Over the years our food habits have changed so drastically it's hard to remember what constitutes a sensible serving size. Adding to the confusion is the overabundance of food choices, and countless competing sources of nutritional and weight loss information that often conflict. Newspapers, magazines, TV, radio and the Internet overwhelm and confuse us with often-contradictory reports. But through all of this, one need only remember the basic principle moderation and balance. Here are some simple portion control techniques that will make it easy to do and effective in controlling your weight.
Cut it in Half
You can lose weight and still eat your favorite foods! Just decrease your portion sizes by half. For example, if you are used to eating a whole deli or sub sandwich at lunch, just eat half and supplement your meal with raw veggies on the side and finish off with some fresh fruit. Then wait to see if you're still hungry. If you pause after eating the first half and allow yourself a few minutes to feel satiated, you just may find you're too full to eat the other half anyway.
Ask for a Doggie Bag
Restaurant portions are huge -- nearly twice the size they were 15 years ago. When dining out, ask the waiter for a take away container as soon as he brings the food. Go ahead and put some of your food in the box as soon as it is served. You can always take some back out to eat at the restaurant if you're still hungry, but chances are you won't want to. Heat the leftovers up tomorrow for lunch.
Downsize Your Dinner
Many restaurants offer lunch size portions of their dishes, which are smaller than their full-size dinner entrees. Don't be afraid to ask if you can purchase the lunch size entree at dinner time. Feeling like a kid at heart? Ask to order from the children's menu! If you tell your server that you're dieting, they'll probably allow it. Practicing this portion control pointer will save your waistline some inches and your wallet some bucks.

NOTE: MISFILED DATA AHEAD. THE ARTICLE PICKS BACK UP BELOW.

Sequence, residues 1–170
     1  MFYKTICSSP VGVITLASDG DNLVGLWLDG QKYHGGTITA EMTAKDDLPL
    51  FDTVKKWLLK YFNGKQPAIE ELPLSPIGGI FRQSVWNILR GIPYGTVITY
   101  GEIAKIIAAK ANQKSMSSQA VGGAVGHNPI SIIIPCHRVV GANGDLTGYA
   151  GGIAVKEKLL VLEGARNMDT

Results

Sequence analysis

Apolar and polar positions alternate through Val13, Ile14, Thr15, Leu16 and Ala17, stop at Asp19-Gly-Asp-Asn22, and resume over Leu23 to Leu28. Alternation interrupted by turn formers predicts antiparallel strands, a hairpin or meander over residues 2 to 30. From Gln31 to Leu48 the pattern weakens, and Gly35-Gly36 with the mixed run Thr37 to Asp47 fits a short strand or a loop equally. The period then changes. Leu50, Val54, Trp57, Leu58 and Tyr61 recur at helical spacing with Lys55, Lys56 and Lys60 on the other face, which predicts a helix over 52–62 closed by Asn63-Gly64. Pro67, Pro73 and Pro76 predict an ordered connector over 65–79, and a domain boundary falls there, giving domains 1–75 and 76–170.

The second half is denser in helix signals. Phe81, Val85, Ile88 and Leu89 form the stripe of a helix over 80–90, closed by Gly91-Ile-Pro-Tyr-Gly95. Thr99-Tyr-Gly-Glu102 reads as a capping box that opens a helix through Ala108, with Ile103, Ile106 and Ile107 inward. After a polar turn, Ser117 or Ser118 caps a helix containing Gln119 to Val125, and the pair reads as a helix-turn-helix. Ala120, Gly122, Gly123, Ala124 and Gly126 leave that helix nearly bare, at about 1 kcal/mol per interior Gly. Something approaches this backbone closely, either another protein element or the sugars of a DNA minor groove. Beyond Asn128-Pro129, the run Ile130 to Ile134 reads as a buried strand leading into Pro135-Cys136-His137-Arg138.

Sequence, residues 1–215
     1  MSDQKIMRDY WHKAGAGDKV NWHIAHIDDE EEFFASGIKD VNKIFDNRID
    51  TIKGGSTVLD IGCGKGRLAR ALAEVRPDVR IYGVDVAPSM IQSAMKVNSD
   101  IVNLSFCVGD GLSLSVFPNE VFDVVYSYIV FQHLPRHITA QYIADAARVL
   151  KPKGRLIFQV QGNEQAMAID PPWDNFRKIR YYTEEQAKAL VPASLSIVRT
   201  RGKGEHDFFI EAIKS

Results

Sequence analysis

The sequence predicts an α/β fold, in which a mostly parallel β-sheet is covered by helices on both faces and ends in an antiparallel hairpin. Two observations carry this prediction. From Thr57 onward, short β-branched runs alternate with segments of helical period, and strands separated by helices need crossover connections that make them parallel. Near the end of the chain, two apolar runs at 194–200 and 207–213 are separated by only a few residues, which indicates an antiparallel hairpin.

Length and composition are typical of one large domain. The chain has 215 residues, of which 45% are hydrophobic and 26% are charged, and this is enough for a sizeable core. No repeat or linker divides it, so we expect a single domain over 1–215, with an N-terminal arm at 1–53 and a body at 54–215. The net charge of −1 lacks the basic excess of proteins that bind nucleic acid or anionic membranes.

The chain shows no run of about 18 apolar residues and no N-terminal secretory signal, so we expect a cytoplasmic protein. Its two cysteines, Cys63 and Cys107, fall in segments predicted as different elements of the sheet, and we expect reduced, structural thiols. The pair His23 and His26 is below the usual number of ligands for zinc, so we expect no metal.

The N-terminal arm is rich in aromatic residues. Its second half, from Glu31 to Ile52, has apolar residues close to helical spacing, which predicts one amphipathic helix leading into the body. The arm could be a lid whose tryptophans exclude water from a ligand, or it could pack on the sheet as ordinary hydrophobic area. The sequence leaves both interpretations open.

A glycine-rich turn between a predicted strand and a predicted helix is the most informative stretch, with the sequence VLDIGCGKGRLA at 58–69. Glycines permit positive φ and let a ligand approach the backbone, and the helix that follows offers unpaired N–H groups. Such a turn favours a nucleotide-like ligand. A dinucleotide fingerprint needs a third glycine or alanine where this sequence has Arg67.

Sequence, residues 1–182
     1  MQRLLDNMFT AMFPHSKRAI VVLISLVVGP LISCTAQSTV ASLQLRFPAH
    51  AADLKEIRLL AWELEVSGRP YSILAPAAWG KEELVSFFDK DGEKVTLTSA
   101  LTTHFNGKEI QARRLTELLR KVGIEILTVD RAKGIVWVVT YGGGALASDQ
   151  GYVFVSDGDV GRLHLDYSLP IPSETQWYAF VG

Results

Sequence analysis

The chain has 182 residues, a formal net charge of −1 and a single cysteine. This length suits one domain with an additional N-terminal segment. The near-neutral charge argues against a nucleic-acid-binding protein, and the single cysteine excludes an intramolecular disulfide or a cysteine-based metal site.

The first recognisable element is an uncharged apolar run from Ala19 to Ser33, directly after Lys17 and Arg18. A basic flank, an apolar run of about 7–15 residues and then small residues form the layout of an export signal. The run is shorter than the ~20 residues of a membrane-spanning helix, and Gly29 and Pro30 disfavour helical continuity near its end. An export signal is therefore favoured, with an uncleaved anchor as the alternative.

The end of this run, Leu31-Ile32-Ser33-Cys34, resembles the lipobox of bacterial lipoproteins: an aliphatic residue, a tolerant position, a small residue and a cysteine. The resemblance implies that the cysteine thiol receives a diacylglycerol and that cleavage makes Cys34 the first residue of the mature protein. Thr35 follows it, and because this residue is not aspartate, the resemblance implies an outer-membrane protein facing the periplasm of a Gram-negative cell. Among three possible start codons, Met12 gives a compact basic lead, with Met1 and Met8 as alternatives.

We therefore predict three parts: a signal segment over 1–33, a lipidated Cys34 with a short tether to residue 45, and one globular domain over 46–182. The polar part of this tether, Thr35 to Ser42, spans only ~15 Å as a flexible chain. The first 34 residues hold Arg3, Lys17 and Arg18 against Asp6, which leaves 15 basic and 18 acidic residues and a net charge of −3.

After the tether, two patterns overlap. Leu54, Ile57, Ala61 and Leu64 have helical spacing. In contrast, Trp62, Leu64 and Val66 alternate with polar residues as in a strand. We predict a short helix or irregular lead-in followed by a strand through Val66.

Just Say No To Supersizing!
Fast food portions are over-sized, so there's no need to add insult to injury by super-sizing. No matter how much of a "better deal" upgrading your meal's size may be, don't be tempted! In fact, steering clear of "meal deals" altogether is very wise. You're much better off ordering a chicken sandwich or burger and a side salad. You could also order a kids meal; kids meals contain what used to be normal sized portions for us grownups.
Good Portions Come in Small Packages.
If you find your will power is overpowered by a full bag of potato chips sitting in the pantry, don't buy the large bags of snack foods. Buy the individual size bags one at a time. If you must buy the large-sized bags of snacks, the best strategy is to divvy out snack foods into single-serving bags as soon as you get them home.
Study Up On Serving Sizes
Just how many mini rice cakes (or your other favorite snacks) are in a serving? Do you even know? Read the label--you may be surprised at how many servings you are actually consuming. Learn what a single portion of your favorite snacks looks like by measuring it out. Then, once you see how much a serving really looks like, you'll be able to "eyeball" it from then on and know.
Bye, Bye Buffet and Farewell, Family-Style
It is nearly impossible to practice portion control in an "all-you-can-eat" situation. If you've ever left a buffet feeling sick, just think about how you felt the next time you're tempted to gorge. At home, fill your plate in the kitchen and bring it to the dining table rather than plopping all the serving bowls on the table to tempt you.
Get Your Portions Down
3 oz. of meat is the size of a deck of cards or an audio tape; 1 oz. of meat is the size of a matchbook; 1 cup of potatoes, rice or pasta looks like a tennis ball. Consider investing in a digital food scale for home use. I weighed a “single” bagel from Dunkin’ Donuts that was 6 ounces—about FOUR bread servings, which is way too many carbs for one meal unless you are an ultra-marathoner or ran on the Arc for about three hours…
Fitness Enthusiast and Guest Blogger